‘Mama, don’t take my Kodachrome away’
Kodachrome is a brand name for a non-substantive, color reversal film introduced by Eastman Kodak in 1935. It was one of the first successful color materials and was used for both cinematography and still photography. Because of its complex processing requirements, the film was sold process-paid in the United States until 1954 when a legal ruling prohibited this. Elsewhere, this arrangement continued. Kodachrome was the subject of a Paul Simon song and a US state park was named after it. For many years it was used for professional color photography, especially for images intended for publication in print media. Because of the uptake of alternative photographic materials, its complex processing requirements, and the widespread transition to digital photography, Kodachrome lost its market share, its manufacturing was discontinued in 2009 and its processing ended in 2010 (source).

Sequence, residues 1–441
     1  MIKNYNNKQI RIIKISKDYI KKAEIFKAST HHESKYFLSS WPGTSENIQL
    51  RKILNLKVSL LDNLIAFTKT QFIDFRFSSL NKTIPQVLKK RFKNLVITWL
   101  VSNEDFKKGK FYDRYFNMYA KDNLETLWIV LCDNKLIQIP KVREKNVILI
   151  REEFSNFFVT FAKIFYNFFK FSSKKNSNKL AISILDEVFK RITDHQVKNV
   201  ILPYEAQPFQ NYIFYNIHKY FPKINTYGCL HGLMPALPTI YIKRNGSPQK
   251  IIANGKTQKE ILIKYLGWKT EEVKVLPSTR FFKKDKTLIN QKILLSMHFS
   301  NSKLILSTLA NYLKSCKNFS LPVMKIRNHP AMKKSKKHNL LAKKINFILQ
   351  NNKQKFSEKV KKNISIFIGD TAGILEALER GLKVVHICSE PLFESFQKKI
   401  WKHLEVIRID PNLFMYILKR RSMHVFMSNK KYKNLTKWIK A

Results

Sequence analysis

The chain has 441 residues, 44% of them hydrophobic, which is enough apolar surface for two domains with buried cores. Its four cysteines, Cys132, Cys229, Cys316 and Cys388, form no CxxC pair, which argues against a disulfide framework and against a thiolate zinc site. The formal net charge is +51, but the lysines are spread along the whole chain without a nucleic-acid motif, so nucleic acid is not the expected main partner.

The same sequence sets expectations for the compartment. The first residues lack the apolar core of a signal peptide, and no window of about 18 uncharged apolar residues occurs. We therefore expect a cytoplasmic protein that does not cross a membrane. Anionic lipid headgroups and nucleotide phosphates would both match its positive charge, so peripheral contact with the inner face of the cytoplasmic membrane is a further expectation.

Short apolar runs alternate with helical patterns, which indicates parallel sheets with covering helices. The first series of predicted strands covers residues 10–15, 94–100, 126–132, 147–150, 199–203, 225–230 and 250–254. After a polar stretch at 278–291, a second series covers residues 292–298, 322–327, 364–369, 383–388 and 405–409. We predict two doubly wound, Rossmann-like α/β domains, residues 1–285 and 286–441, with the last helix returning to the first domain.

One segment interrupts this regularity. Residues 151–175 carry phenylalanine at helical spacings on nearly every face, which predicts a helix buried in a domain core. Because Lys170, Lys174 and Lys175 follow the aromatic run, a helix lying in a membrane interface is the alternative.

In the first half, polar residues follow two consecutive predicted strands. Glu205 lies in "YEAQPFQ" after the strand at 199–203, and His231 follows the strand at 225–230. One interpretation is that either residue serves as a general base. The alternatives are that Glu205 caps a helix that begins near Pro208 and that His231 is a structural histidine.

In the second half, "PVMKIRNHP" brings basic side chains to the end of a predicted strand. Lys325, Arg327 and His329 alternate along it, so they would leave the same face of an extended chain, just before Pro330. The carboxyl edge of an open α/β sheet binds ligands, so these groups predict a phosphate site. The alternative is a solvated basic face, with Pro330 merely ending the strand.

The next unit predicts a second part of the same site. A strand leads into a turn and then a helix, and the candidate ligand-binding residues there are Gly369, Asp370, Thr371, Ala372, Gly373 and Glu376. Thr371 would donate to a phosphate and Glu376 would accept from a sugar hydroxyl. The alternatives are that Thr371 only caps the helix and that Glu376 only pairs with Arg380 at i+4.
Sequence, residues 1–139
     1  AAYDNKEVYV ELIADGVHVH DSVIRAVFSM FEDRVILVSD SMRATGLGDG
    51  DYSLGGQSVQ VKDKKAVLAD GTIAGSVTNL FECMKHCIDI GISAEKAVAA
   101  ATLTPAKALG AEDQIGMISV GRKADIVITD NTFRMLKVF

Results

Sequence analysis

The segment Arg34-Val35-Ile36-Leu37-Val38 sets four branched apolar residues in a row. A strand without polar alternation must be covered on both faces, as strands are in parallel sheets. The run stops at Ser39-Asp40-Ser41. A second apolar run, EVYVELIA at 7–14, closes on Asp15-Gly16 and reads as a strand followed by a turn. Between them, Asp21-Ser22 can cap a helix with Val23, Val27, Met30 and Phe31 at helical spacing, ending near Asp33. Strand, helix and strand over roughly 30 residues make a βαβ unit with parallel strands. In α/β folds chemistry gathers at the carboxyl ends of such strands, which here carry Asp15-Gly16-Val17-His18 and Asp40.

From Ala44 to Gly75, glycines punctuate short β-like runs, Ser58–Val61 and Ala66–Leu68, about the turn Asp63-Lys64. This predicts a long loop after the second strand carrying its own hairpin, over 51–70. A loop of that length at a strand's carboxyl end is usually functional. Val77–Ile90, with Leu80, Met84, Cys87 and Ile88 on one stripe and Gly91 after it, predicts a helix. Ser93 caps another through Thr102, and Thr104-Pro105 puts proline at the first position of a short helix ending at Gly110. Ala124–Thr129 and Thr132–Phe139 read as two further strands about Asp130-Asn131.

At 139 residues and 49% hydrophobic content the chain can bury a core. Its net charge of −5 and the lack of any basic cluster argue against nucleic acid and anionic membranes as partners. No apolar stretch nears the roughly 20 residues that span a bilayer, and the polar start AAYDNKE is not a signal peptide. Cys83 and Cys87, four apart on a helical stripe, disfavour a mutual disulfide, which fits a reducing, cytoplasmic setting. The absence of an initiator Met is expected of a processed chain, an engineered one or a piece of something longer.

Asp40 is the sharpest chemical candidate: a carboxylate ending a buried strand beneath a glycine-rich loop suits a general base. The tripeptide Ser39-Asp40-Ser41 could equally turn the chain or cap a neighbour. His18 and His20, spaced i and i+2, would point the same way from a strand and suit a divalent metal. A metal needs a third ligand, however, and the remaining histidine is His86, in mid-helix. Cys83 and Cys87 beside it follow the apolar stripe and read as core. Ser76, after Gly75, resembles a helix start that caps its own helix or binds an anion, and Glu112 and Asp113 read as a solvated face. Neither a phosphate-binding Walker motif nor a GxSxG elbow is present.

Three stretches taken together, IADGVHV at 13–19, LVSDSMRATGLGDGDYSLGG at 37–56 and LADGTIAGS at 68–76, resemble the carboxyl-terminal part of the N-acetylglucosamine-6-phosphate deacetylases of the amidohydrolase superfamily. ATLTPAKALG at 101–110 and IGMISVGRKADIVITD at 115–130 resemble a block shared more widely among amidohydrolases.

Often imitated (and never moreso than today), never duplicated. Photography just doesn’t look like this anymore, when it was shot on Kodachrome.
Much more here. Hat tip to reader Chris R.!